Our data also imply the futility of hospital-centered violence prevention programs. Perhaps this is due to our inability to truly capture the violent events. On one hand, the “near miss” does not come to the attention of the program (because it is not captured in the trauma registry) while on the other hand, a disturbing proportion of the highest-risk patients are dead on arrival, eliminating them from participation. Clearly such a method of identification underestimates the true prevalence of violent events and is inadequate.
It has been suggested that, given the scope of the problem, interpersonal violence prevention needs to be addressed as a true health care crisis.8,9 Proposed strategies are multifaceted, ranging from identifying at-risk youth, implementing violence prevention programs, initiating violence prevention interventions within at-risk communities, pursuing aggressive firearm policies to limit access, and addressing the depressed socioeconomic status that is associated with violence. Although a number of risk factors for perpetuation of violent behavior are clear (witnessing violence, a history of poor parental guidance, depressed socioeconomic status),10 data demonstrating large-scale success from violence intervention and prevention programs are lacking. The California Wellness Foundation's Violence Prevention Initiative, a $70 million, 10-year initiative spanning the years 1993 to 2003, led to 110 communities having passed more than 300 local ordinances in addition to the passage of 24 statewide laws to improve gun safety and limit availability.8 This is in addition to a concerted effort to improve funding of youth violence prevention programs. The true impact on interpersonal violence prevention is not yet clear.
With regards to efforts at our own institution, we have recently published the results of our experience with a violence prevention outreach program.11 This was performed in conjunction with the Baltimore City Police Athletic League and was geared toward youths aged 7 to 17 years who were identified as being at risk by virtue of their neighborhoods of residence. The program was designed to show true-life graphic images reflecting the impact of firearm violence and determine the effect on attitude toward interpersonal conflicts and aggression. The study employed a tool validated by the Centers for Disease Control and Prevention that was designed to quantify this. Forty-eight of 97 participants completed the study with a mean follow-up time of 26 days. There was a significant reduction in both beliefs supporting aggression and likelihood to commit violent acts. Although this represents an improvement, it is still only a moderate effect on a small scale and needs to be accepted as such.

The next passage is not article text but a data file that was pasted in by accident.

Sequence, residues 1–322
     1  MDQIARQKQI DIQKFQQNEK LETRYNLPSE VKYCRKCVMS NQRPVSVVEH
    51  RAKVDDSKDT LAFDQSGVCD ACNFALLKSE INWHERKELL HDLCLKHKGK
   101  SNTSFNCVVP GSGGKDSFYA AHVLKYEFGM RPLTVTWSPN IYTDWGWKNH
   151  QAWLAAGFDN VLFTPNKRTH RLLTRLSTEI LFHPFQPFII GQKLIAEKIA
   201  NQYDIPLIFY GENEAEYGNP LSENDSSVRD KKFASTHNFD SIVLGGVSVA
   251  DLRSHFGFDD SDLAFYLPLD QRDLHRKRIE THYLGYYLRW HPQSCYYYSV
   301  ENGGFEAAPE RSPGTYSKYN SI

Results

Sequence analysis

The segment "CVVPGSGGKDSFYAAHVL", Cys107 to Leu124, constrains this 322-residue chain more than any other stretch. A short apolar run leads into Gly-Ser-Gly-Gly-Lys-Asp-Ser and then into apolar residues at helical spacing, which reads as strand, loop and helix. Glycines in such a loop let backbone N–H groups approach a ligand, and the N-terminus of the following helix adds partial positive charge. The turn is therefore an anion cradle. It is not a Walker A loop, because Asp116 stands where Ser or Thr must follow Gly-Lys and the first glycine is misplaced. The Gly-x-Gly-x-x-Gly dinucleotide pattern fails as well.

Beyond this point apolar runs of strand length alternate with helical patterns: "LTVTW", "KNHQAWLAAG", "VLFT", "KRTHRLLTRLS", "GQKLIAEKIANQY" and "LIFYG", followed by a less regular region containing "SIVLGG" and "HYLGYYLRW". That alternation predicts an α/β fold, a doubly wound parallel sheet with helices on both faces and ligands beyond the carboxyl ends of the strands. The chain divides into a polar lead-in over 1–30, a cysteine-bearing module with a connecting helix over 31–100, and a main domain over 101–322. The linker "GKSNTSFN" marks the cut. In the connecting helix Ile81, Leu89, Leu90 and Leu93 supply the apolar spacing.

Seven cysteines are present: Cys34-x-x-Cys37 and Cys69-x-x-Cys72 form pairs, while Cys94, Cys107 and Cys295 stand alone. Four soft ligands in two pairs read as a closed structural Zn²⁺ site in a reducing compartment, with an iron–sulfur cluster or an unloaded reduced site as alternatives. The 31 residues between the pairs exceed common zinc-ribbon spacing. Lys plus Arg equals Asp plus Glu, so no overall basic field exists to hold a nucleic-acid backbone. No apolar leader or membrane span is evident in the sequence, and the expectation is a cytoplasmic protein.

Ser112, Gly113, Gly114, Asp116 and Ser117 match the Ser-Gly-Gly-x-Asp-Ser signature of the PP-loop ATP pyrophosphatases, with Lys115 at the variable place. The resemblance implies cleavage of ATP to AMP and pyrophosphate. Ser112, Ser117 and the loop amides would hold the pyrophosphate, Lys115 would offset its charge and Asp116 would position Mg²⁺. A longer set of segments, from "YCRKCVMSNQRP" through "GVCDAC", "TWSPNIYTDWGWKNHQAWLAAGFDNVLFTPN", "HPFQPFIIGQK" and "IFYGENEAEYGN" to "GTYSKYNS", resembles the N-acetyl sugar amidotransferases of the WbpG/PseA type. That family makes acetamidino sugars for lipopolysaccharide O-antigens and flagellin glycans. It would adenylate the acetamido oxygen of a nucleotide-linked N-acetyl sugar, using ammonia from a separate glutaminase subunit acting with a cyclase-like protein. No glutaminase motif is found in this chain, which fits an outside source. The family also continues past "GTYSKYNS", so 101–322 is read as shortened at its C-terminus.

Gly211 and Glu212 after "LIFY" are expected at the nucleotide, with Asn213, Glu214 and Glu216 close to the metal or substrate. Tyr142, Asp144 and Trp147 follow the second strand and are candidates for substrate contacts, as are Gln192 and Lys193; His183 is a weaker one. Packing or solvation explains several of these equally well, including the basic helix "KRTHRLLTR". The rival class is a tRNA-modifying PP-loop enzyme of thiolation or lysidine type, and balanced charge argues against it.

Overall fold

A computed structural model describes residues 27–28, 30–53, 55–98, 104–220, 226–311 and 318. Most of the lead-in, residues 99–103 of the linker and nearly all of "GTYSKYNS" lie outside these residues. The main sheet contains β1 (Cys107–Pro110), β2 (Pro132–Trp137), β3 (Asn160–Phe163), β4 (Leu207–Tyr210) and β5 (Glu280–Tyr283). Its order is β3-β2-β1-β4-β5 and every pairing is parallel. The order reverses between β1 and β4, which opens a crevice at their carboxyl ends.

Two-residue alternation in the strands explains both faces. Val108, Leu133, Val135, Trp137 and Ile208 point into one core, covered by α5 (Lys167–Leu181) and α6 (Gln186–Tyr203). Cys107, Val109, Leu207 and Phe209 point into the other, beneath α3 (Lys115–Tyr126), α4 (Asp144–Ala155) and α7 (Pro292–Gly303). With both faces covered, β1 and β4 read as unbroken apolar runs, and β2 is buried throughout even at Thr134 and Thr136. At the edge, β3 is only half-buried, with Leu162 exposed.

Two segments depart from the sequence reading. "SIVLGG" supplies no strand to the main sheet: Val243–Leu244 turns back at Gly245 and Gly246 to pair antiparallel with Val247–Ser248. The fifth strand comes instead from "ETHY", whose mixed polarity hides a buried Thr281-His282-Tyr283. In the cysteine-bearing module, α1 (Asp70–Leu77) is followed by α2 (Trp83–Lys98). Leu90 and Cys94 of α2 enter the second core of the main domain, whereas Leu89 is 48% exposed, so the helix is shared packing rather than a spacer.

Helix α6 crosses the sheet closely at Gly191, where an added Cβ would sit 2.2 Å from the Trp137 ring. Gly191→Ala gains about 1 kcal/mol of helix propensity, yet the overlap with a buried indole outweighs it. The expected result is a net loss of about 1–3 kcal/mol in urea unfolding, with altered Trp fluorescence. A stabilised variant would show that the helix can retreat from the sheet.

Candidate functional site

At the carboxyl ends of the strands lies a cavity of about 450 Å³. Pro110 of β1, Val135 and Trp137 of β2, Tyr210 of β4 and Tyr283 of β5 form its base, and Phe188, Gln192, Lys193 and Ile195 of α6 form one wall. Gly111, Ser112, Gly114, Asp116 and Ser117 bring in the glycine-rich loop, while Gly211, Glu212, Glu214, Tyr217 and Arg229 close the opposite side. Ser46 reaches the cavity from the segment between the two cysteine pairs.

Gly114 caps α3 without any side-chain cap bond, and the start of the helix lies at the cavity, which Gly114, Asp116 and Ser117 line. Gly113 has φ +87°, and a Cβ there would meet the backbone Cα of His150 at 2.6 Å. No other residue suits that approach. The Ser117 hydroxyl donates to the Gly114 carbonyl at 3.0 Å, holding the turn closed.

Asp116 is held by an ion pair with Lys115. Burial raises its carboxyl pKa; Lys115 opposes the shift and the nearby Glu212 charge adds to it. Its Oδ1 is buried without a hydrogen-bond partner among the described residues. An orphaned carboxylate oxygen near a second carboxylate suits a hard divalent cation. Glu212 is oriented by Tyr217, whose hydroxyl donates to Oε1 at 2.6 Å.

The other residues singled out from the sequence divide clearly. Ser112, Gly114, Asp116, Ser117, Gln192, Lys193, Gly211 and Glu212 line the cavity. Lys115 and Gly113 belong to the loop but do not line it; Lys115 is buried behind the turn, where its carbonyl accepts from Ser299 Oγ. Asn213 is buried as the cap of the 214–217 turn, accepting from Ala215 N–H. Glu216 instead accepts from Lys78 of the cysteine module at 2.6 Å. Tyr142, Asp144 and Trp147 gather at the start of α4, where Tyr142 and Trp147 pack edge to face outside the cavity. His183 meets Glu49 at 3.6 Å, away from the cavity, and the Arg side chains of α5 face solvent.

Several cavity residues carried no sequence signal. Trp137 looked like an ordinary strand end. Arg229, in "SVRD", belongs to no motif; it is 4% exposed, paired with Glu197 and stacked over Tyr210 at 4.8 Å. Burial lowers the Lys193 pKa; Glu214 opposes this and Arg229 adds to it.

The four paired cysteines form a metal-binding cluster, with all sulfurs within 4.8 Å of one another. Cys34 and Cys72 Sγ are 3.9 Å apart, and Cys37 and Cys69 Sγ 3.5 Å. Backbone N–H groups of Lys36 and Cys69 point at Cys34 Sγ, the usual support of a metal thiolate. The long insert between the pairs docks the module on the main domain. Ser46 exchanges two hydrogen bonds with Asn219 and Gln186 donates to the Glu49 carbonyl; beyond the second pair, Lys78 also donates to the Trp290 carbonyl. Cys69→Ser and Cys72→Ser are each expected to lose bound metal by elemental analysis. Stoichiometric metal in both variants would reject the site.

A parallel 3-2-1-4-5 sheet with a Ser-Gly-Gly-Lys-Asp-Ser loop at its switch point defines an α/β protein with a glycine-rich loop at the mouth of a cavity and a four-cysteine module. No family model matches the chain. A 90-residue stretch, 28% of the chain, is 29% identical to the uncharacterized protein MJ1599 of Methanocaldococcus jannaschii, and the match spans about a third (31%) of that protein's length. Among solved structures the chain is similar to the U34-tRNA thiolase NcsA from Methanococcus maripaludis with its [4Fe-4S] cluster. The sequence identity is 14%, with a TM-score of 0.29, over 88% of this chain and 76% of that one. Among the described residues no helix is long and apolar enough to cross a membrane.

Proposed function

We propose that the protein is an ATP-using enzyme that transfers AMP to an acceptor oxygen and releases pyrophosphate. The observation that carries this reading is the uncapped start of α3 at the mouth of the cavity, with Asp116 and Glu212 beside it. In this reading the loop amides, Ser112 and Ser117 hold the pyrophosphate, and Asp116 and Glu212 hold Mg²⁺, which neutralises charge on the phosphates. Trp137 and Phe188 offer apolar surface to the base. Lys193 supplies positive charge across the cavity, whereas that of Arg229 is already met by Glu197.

In summary, this study demonstrates that a growing number of patients are the victims of fatal GSWs and are either dead on arrival or die within minutes of reaching the ED. In-hospital mortality has remained the same, but the proportion of nonsurvivable traumatic gunshot injuries has increased. In a mature trauma system, this provides a compelling argument for social violence prevention strategies to reduce urban trauma mortality. The only way to save these patients is to reach out to them in the community before they are victims of violence. The overriding conclusion must be that further incremental improvement in the outcome of urban traumatic injury will likely only come through violence prevention strategies in the prehospital setting.
Correspondence: David T. Efron, MD, Department of Surgery, Johns Hopkins University, 600 N Wolfe St, Osler 625, Baltimore, MD 21287 (email@example.com).
Accepted for Publication: April 25, 2006.
Previous Presentation: This paper was presented at the 77th Annual Meeting of the Pacific Coast Surgical Association; February 18, 2006; San Francisco, Calif; and is published after peer review and revision. The discussions that follow this article are based on the originally submitted manuscript and not the revised manuscript.
Andre R. Campbell, MD, San Francisco, Calif: Dr Efron et al just presented an interesting observational study of trauma patients at a university level I trauma center, Johns Hopkins Hospital, that utilized consecutive samples from a prospectively collected registry database between January 1, 2001, to March 31, 2005.
The authors collected data from trauma patients, including mechanisms of injury, clinical presentation, and disposition from their trauma registry. The interest in the subject by the authors was piqued because of a large increase in deaths and the nature of the circumstances that presented at their surgical morbidity and mortality meetings. This occurred despite the practice of state-of-the-art techniques in trauma care at Johns Hopkins Hospital; mortality among the patients increased. For purposes of the study, they divided the last 5 years into early and late periods. They hypothesized that there was a growing proportion of urban trauma mortalities characterized by severe, devastating, and likely nonsurvivable injuries.
The methods that they used: they surveyed a prospectively collected database of all trauma patients during the period. All of the patients were identified and had their charts reviewed retrospectively. They determined the mortality rate for the different mechanisms. They then divided the group as they discussed.